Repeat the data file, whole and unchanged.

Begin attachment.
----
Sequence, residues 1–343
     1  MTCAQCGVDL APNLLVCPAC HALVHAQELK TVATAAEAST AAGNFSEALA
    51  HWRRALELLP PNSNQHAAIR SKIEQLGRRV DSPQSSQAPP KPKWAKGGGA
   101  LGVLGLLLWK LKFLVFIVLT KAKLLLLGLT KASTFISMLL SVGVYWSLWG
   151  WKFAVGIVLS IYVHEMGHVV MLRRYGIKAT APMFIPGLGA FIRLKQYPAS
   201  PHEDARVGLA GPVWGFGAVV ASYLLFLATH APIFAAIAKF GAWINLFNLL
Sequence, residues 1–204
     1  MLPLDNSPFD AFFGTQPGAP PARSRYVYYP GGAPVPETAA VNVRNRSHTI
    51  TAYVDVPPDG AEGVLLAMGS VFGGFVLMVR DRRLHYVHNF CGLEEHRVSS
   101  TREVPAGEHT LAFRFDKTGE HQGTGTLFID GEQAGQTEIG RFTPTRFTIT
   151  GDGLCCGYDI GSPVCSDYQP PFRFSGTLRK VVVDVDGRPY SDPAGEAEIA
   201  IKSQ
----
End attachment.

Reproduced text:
Sequence, residues 1–343
     1  MTCAQCGVDL APNLLVCPAC HALVHAQELK TVATAAEAST AAGNFSEALA
    51  HWRRALELLP PNSNQHAAIR SKIEQLGRRV DSPQSSQAPP KPKWAKGGGA
   101  LGVLGLLLWK LKFLVFIVLT KAKLLLLGLT KASTFISMLL SVGVYWSLWG
   151  WKFAVGIVLS IYVHEMGHVV MLRRYGIKAT APMFIPGLGA FIRLKQYPAS
   201  PHEDARVGLA GPVWGFGAVV ASYLLFLATH APIFAAIAKF GAWINLFNLL
Sequence, residues 1–204
     1  MLPLDNSPFD AFFGTQPGAP PARSRYVYYP GGAPVPETAA VNVRNRSHTI
    51  TAYVDVPPDG AEGVLLAMGS VFGGFVLMVR DRRLHYVHNF CGLEEHRVSS
   101  TREVPAGEHT LAFRFDKTGE HQGTGTLFID GEQAGQTEIG RFTPTRFTIT
   151  GDGLCCGYDI GSPVCSDYQP PFRFSGTLRK VVVDVDGRPY SDPAGEAEIA
   201  IKSQ